Hemangiopericytoma is a vascular tumor arising from pericytes that surround the basement membrane of capillaries. Pericytes are cells with long processes that surround the capillaries and serve to alter the caliber of the capillary lumen. Hemangiopericytomas can either be benign or malignant. Two types, infantile and adult type hemangiopericytoma, have been described. Microscopically, hemangiocytomas are characterized by a so-called pericytoma pattern with tightly packed spindle cells and prominent vascular channels. No clinical or histological feature predicts biologic aggressiveness 3 . Malignant hemangiopericytoma is recognized by cellularity, increased mitotic rate, hemorrhage and necrosis. Immunohistochemically, hemangiopericytomas demonstrate positivity for CD34, vimentin and type IV collagen and are negative for S-100 protein, neuron specific enolase, and factor VIII related antigen, carcinoembryonic antigen, desmin, laminin, and cytokeratin. 3
Soft-tissue hemangiopericytoma is a controversial pathologic entity owing to nonspecificity of characteristic branching capillary pattern, cytological features of the constituent cells and lack of distinct immunohistochemical profile. This has led to uncertainty and absence of consensus regarding these tumors. These tumors are often confused with synovial sarcoma, fibrous histiocytoma, solitary fibrous tumor and mesenchymal chondrosarcoma as they all share hemangiopericytoma-like vascularity.
Hemangiopericytoma is a rare tumor of adult life. Pediatric cases account for less than 10% of all hemangiopericytomas and approximately 3% of all soft-tissue sarcomas in this age group. 4 The tumors occur anywhere in the body, the most common locations being lower extremities, pelvis and the head and neck. They are deep-seated masses and found in muscle tissue. Dermal and subcutaneous locations are less common. Most tumors present as slow-growing tumors and symptoms are non-specific. Pain is a late symptom associated with an enlarging mass. Cases presenting with paraneoplastic hypoglycemia, hypertension or gynecomastia due to secretion of insulin-like growth factor and renin have been reported. 5,6 Radiological findings are non-specific.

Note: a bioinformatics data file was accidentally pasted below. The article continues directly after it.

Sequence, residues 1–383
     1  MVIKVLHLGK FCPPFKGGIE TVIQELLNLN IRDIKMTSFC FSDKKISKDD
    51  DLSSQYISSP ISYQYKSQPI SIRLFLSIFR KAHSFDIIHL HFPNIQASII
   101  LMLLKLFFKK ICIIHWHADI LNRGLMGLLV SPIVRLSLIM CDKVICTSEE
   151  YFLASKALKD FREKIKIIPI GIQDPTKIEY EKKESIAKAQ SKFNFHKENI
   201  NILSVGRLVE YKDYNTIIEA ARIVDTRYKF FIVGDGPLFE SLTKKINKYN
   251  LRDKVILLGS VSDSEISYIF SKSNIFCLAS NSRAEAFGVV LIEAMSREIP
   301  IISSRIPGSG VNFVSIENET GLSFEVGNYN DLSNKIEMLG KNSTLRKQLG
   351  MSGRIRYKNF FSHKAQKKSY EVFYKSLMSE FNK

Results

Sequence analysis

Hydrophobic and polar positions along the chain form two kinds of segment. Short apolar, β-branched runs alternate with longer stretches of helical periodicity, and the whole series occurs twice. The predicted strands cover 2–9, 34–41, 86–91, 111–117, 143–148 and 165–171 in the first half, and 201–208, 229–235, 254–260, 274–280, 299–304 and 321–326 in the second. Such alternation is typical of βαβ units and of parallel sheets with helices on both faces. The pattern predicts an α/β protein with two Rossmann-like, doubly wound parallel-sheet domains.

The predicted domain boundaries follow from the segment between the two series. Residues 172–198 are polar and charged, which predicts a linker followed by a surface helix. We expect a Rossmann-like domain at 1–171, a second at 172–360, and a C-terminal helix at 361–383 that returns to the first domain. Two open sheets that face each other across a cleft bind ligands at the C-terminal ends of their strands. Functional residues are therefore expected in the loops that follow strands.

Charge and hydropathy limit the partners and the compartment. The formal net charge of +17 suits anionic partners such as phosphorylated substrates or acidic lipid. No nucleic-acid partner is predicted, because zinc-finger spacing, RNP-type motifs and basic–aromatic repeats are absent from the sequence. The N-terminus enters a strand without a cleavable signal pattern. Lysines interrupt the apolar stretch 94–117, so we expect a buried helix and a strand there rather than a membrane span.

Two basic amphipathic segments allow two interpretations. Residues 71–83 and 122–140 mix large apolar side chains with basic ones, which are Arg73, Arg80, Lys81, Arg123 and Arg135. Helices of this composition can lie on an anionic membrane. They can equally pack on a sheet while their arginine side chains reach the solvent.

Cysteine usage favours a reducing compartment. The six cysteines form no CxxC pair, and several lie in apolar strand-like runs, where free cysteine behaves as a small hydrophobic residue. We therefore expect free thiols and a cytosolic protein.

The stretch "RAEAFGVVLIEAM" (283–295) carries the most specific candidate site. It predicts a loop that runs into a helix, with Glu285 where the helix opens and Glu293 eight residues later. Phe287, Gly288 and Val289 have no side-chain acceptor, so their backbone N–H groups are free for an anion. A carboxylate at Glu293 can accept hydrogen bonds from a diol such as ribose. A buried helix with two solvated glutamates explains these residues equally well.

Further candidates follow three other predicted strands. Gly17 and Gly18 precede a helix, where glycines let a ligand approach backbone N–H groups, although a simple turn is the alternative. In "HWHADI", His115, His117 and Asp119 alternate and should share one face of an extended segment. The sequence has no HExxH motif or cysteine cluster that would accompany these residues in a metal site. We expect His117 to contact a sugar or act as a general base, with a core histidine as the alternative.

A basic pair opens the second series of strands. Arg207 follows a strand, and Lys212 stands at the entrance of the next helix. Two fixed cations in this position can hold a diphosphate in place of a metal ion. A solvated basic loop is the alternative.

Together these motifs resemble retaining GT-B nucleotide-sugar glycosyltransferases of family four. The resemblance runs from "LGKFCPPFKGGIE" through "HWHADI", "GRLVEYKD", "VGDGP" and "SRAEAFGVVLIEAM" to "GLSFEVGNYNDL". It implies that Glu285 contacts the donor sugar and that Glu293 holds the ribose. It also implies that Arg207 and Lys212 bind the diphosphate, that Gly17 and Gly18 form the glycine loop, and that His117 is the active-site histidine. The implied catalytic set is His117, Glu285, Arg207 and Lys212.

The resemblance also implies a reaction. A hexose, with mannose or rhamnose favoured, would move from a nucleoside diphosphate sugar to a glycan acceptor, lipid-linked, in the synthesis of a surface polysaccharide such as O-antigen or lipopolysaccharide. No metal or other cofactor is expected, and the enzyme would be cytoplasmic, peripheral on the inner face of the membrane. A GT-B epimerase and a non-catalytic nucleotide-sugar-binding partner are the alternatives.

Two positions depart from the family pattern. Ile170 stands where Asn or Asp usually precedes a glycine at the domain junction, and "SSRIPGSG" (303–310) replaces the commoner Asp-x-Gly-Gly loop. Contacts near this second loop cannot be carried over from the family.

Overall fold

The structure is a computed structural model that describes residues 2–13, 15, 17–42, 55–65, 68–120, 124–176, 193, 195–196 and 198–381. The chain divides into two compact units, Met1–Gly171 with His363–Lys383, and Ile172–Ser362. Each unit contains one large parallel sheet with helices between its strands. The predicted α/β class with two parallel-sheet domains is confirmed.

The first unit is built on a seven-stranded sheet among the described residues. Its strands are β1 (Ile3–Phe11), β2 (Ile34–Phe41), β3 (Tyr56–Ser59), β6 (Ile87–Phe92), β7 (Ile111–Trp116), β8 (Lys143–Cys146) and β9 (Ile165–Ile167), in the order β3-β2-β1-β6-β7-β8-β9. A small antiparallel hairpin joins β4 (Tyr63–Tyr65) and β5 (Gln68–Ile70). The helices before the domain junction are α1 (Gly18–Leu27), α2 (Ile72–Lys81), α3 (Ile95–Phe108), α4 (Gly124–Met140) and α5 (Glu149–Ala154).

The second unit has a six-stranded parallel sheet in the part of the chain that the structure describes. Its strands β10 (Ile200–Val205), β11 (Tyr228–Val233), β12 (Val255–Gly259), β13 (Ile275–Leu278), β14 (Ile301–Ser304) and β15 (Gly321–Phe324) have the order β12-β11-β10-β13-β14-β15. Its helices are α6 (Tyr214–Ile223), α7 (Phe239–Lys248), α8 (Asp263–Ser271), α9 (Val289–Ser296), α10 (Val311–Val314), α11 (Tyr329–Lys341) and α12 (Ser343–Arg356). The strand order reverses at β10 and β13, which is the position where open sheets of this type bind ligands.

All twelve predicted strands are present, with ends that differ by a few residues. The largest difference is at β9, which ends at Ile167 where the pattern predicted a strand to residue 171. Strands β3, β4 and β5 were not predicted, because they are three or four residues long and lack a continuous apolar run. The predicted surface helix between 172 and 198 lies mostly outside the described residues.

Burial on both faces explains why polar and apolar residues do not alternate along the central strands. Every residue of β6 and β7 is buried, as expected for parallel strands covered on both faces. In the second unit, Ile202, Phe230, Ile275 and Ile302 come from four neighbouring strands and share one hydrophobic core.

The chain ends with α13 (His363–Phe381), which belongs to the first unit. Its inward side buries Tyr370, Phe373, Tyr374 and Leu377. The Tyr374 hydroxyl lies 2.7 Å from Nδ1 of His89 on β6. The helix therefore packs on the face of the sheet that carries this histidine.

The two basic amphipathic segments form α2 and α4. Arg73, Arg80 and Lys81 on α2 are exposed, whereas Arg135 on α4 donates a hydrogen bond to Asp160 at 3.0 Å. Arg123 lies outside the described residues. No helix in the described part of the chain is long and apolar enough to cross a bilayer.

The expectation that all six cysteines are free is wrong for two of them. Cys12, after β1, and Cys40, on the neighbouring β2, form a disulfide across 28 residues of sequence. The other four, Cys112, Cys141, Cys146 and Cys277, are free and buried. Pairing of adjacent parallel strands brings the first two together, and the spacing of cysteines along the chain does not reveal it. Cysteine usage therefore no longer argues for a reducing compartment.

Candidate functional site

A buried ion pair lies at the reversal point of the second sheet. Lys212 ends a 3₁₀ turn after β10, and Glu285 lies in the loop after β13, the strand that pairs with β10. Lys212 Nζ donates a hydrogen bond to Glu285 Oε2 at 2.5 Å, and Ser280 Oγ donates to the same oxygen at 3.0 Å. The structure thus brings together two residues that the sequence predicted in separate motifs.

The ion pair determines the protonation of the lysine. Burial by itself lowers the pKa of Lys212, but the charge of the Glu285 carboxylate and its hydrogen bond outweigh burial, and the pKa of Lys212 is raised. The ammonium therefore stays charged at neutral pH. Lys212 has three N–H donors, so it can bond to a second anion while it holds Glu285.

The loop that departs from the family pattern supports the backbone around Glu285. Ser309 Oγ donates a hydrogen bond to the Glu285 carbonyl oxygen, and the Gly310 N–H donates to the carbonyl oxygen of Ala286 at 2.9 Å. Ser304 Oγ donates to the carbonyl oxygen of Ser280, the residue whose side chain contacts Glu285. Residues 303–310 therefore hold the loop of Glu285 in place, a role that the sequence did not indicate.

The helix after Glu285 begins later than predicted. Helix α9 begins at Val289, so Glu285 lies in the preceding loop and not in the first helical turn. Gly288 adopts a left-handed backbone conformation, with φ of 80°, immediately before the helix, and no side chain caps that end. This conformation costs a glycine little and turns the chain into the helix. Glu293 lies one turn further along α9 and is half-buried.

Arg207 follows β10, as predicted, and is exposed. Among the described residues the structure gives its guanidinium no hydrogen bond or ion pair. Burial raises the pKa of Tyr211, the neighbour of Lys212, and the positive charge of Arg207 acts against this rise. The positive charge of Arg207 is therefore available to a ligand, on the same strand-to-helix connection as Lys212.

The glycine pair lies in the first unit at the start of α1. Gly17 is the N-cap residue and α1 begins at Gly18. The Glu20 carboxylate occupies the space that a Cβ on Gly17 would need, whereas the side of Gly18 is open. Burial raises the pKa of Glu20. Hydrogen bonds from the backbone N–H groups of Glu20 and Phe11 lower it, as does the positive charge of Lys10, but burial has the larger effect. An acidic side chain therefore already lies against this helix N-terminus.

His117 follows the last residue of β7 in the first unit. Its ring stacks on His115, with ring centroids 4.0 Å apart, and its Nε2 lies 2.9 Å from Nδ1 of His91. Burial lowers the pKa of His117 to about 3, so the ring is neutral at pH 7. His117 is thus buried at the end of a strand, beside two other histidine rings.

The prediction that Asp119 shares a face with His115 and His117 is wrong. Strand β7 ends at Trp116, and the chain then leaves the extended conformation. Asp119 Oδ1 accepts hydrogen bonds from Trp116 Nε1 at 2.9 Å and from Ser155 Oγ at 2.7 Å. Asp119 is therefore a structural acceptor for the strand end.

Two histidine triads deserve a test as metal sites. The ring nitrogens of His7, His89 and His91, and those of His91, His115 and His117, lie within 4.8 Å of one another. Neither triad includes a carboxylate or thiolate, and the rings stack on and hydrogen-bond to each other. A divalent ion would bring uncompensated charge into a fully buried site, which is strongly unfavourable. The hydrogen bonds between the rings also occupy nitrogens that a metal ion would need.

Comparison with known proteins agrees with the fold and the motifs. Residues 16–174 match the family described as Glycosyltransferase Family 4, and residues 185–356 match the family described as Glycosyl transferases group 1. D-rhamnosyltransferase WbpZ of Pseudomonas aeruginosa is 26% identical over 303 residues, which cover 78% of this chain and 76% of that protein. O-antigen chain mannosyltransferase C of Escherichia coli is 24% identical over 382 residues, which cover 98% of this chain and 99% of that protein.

Two distinct clinical entities have been described: the infantile type occurring in the first year of life and the adult type in adults and children older than 1 year. Most infantile hemangiopericytomas are congenital. Clinical features and biological behavior are unique, mostly located in subcutis and oral cavity locations, multifocal and metastatic forms are reported. They respond well to chemotherapy and have favorable prognosis. 7
Adult types usually have a worse prognosis. Ten-year survival has been reported from 47% to 70%. 8,9 Malignant hemangiopericytoma is capable of local recurrence and distant metastases. The most common sites of metastases are lungs and bone.
Surgical radical excision is the mainstay of treatment. Preoperative embolization has been tried for reducing intraoperative blood loss. 10 For these vascular tumors in the retroperitoneum, rapid resection helps to reduce the blood loss. It may be more troublesome if attempts to control bleeding by blind clamping are made. Radiotherapy has been demonstrated to have a role in reducing local recurrence in incomplete surgical resection. Radiotherapy has been studied in adjuvant setting; surgery and postoperative radiotherapy with 50Gy or more resulted in significantly improved local control compared to surgery alone. Infantile hemangiopericytomas have been found to be highly chemoresponsive. Although surgical resection is the mainstay of treatment, chemotherapy has been used in unresectable and life-threatening tumors.
Dr.B.Satheesan, MS, DNB, MCh Associate Professor Dept. of Surgical Oncology Cancer Institute (W.I.A.) Adyar, Chennai Phone No.: 044-24453150, 044-22350131, 9840514427 Email: email@example.com